Evidence for Cerebrospinal Fluid Entry Into the Optic Nerve via a Glymphatic Pathway.
The purpose of this study was to determine whether cerebrospinal fluid (CSF) enters the optic nerve via a glymphatic pathway and whether this entry is size-dependent.
Fluorescent dextran tracers (fluorescein isothiocyanate [FITC]) of four different sizes (10, 40, 70, and 500 kDa) and FITC-ovalbumin (45 kDa) were injected into the CSF of 15 adult mice. Tracer distribution in the orbital optic nerve at 1 hour after injection was assessed in tissue sections with confocal microscopy. Tracer distribution within the optic nerve was studied in relation to blood vessels and astrocytes identified by isolectin histochemistry and glial fibrillary acidic protein (GFAP) immunofluorescence, respectively. Aquaporin 4 (AQP4) immunostaining was performed to assess astrocytic endfeet in relation to CSF tracer.
One hour following tracer injection into CSF, all tracer sizes (10-500 kDa) were noted in the subarachnoid space surrounding the orbital optic nerve. In all cases, 10 kDa (n = 4/4) and 40 kDa (n = 3/3) tracers were noted within the optic nerve, while 70-kDa tracer was occasionally noted (n = 1/4). Tracer found within the nerve was specifically localized between isolectin-labeled blood vessels and GFAP-positive astrocytes or AQP4-labeled astrocytic endfeet. The 500-kDa tracer was not detected within the optic nerve.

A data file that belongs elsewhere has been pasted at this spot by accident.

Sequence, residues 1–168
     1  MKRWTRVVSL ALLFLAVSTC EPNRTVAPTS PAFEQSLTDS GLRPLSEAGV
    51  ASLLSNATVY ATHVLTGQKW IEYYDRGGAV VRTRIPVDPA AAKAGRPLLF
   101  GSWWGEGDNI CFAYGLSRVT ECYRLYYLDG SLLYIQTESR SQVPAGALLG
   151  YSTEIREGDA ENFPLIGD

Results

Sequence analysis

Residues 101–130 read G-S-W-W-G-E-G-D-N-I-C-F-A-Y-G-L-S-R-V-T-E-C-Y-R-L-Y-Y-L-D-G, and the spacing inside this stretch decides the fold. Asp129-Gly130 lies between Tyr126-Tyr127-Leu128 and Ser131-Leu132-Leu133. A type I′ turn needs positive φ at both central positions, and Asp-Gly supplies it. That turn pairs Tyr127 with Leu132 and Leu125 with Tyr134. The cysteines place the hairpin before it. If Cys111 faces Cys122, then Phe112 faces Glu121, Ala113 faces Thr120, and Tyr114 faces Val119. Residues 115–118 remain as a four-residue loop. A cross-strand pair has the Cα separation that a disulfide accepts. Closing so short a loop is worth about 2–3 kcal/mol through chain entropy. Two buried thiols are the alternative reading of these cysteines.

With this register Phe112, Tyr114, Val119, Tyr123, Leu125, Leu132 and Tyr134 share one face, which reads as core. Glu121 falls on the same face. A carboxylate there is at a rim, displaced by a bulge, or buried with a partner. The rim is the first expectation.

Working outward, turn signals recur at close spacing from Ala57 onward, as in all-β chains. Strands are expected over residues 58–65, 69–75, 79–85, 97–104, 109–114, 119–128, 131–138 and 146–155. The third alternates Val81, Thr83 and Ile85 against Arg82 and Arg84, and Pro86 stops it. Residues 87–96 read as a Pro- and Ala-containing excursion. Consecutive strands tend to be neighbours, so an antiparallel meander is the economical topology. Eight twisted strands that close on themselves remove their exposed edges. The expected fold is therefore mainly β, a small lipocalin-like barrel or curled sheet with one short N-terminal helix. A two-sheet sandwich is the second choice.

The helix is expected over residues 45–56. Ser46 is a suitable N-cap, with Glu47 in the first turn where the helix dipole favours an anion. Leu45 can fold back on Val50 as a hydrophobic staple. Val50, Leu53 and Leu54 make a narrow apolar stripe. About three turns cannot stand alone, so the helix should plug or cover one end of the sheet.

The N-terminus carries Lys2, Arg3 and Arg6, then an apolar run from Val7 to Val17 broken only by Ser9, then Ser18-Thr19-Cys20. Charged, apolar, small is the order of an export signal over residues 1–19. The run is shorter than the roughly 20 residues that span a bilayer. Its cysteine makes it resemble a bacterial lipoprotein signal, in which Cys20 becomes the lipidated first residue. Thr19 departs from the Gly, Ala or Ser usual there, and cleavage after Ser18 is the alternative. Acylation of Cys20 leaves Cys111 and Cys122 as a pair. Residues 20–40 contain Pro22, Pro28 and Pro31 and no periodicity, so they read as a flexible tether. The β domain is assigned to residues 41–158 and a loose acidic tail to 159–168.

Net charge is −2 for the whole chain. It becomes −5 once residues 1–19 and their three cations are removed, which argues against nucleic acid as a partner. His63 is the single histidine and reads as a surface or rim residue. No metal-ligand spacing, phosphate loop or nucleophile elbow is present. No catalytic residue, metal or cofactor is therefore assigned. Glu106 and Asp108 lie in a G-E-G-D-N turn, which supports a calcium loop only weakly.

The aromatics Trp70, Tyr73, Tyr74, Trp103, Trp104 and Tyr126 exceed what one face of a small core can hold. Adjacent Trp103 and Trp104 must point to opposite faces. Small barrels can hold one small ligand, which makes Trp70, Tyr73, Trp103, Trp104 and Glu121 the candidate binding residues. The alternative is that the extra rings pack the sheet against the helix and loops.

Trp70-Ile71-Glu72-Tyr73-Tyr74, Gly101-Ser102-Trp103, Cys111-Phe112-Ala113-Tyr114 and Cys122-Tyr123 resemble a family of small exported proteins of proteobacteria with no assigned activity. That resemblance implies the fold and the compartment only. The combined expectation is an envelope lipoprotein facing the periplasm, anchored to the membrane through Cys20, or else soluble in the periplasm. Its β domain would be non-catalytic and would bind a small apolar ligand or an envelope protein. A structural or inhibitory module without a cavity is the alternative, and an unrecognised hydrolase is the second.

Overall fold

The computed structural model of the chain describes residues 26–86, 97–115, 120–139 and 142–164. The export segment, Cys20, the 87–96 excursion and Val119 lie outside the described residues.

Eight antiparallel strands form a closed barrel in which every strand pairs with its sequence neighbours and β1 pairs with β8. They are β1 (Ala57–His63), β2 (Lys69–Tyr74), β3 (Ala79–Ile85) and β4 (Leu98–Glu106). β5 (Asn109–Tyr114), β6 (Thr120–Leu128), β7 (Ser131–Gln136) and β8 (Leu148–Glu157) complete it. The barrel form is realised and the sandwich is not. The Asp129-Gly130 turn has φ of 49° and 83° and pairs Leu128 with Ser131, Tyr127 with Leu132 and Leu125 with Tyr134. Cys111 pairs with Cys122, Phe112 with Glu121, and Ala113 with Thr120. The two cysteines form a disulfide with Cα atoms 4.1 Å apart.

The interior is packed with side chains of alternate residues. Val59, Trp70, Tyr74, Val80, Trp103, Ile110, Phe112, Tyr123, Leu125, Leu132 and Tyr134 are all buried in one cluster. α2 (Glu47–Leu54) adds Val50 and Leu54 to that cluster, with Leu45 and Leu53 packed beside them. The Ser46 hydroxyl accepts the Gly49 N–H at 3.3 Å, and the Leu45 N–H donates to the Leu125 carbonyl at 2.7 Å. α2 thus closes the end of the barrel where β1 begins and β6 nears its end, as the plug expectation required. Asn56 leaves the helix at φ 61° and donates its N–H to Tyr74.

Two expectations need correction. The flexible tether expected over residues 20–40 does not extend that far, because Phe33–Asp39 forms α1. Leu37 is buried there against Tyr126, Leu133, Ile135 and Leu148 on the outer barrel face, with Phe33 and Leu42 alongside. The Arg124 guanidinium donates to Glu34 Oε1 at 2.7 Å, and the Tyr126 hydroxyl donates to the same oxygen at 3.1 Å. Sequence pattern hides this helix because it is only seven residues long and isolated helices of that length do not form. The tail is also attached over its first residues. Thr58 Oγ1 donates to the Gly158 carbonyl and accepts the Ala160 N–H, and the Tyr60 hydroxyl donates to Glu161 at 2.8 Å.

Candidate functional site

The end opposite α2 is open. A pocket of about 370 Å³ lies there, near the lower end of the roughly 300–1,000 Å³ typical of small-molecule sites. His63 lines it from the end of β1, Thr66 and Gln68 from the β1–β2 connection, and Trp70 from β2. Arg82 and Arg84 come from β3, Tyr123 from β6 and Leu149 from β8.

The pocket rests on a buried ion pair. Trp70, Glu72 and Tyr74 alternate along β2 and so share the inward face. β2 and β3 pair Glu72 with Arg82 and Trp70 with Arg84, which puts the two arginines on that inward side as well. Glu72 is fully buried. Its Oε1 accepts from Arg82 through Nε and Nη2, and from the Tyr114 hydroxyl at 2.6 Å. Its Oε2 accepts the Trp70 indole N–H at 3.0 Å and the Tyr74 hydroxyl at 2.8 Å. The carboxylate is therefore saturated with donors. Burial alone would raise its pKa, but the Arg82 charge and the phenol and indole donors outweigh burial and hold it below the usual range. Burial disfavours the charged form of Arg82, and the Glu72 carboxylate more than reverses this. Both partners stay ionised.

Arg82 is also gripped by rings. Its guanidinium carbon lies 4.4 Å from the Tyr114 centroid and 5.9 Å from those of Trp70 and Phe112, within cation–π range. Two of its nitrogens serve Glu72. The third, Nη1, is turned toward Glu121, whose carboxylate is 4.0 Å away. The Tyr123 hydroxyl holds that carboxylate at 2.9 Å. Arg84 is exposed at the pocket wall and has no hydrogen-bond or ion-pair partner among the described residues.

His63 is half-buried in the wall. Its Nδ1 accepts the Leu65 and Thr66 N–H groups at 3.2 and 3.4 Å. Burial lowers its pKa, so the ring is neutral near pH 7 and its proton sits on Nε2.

To our knowledge, this is the first evidence of a glymphatic pathway in the optic nerve. CSF enters the optic nerve via spaces surrounding blood vessels, bordered by astrocytic endfeet. CSF entry into paravascular spaces of the optic nerve is size-dependent, and this pathway may be highly relevant to optic nerve diseases, including glaucoma.
Invest Ophthalmol Vis Sci. 2017 Sep 1;58(11):4784-4791. doi: 10.1167/iovs.17-22290.